“To satisfy my wish to get the best information I possibly could on this subject [the antiquity of Heracles’ worship] I made a voyage to Tyre in Phoenicia, because I had heard that there was a temple there, of great sanctity, dedicated to Heracles. I visited the temple, and found that the offerings which adorned it were numerous and valuable, not the least remarkable being two pillars, one of pure gold, the other of emerald which gleamed in the dark with a strange radiance.”
Apparent in Herodotus’ discussion is the identification of Heracles with the Tyrian god Melqart, widely attested otherwise.
Gades, like Tyre, was a Phoenician colony famous for its worship of Melqart. There, too, could be found a temple of Melqart distinguished by its two pillars, prompting modern scholars to view it as the prototype for the tradition of Heracles’ pillars. Here a tradition reported by Arnobius is of interest: He wrote that Heracles-Melqart traveled to Gades to set up his pillars at the site of the sun-set, whereupon he died. This report, among others, hints at the possibility of a relationship between the traditions surrounding Heracles-Melqart and those involving Samson. Robertson, for example, offered the following observation:
“One of the subsidiary labours of Herakles was the setting up of two pillars at Gades (Cadiz)… Here the cult of Herakles combines with that of his Phoenician double, the Sun-God Melkarth, worshipped at Gades, of whose mythus the Samson legend in the Hebrew Bible is a variant. The two pillars (represented in the Hebrew as in the Phoenician temples) are simply ancient symbol-limits of the course of the sun in the heavens… In the Samson legend they occur twice, figuring in one episode as the gateposts of Gaza which the hero carries off; in another as the two pillars of the Philistine hall, between which the shorn and blinded hero sits in his captivity… Now, just as Samson in one story carries the pillars, so did Herakles, as became his strength, carry his pillars to their places; even as, in the Tyrian form of the legend, he dies at the very place where he has set them up.”
In addition to being early on identified with Heracles, Melqart was also equated with the Akkadian Nergal who, like Heracles, was identified with the planet Mars. Such correspondences suggest that we should trace the gates/pillars associated with Heracles, Melqart, and Samson to the planet Mars, rather than to the sun.
One must also remember Mars’ intimate connection with the World Pillar or axis mundi, the latter thought to support heaven. As scholars have long noted, the tradition of Heracles’ pillars harks back to ancient conceptions of the World Pillar. Cook, for example, offered the following observation: “The pillars of Heracles at one end of the Mediterranean… imply the belief that the sky rests upon solid and tangible supports.” Indeed, Philostratus reported that Heracles’ pillars supported heaven.
In the Western World, the theme of the World Pillar is most familiar in the traditions surrounding Atlas. Of him, Aeschylus wrote: “He in the far western ways stands bearing on his shoulders the mighty pillar of earth and sky.” Homer knew Atlas as “that scanner of the depths of all the sea and upholder of the tall pillars that keep heaven and earth apart.” Hesiod wrote of Atlas that he “supports the broad sky of mighty necessity at the edge of the earth near the clear-voiced Hesperides, supporting it with his head and wearying hands.”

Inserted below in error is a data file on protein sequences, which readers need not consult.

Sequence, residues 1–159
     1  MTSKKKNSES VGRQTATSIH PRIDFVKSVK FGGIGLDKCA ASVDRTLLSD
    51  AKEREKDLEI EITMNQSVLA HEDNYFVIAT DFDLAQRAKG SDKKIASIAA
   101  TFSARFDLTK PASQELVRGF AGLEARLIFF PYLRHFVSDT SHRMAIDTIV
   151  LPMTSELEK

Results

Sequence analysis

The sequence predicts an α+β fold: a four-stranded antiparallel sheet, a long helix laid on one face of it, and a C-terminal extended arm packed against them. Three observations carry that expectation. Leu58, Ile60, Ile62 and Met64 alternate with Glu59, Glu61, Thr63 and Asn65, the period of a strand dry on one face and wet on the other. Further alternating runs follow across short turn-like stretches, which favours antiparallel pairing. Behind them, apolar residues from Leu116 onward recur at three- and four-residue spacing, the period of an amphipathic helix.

That Heracles was held to have once assumed the burden of Atlas points to his intimate connection with ancient conceptions of the World Pillar. So, too, does his early identification with the Egyptian god Shu who, like Atlas, is likewise described as supporting heaven on his shoulders (See figure X).
In addition to Heracles and Nergal-Melqart, other ancient war-gods identifiable with the red planet were also associated with the World Pillar. The Latin war-god Mars, to take but one of numerous examples, was identified with the Saxon god Irmin who, under the name of Irminsul, was worshipped as the universal column, held to support heaven. Yet the Latin war-god was elsewhere identified with Heracles.
Scholars investigating the origins of sacred symbols have not failed to notice the intimate relation between the red planet and ancient conceptions of the World Pillar. Thus, in A Dictionary of Symbols, Cirlot reports that: “The Tree of Life, when it rises no higher than the mountain of Mars… is regarded as a pillar supporting heaven.”
In addition to supporting heaven, the World Pillar/Mountain also served as the site of the epiphany of the ancient sun-god. An early example of this belief can be found in the Gilgamesh Epic:
“The name of the mountain is Mashu. As he [Gilgamesh] arrives at the mountain of Mashu, Which every day keeps watch over the rising and setting of the sun, Whose peaks reach as high as the ‘banks of heaven,’ And whose breast reaches down to the underworld, the scorpion-people keep watch at its gate, Those whose radiance is terrifying and whose look is death, Whose frightful splendor overwhelms mountains, Who at the rising and setting of the sun keep watch over the sun.”
Notice here the explicit mention of a gate associated with the Cosmic Mountain. It was through this gate that the sun appeared during its daily cycle. As we have documented elsewhere, the sun-god’s gate is simply the twin peaks of the world mountain (the word Mashu means “twin.”) Thus, as the ancient sun-god customarily appeared between the two peaks of the cosmic mount, so too was it wont to appear between a gate or door. A cylinder seal from Old Babylonian times confirms the intimate relationship between the gate(s) and mountain peaks (see figure x): It shows the gates of the sun-god resting immediately atop the two peaks of the mountain, as if the former were merely extensions of the latter.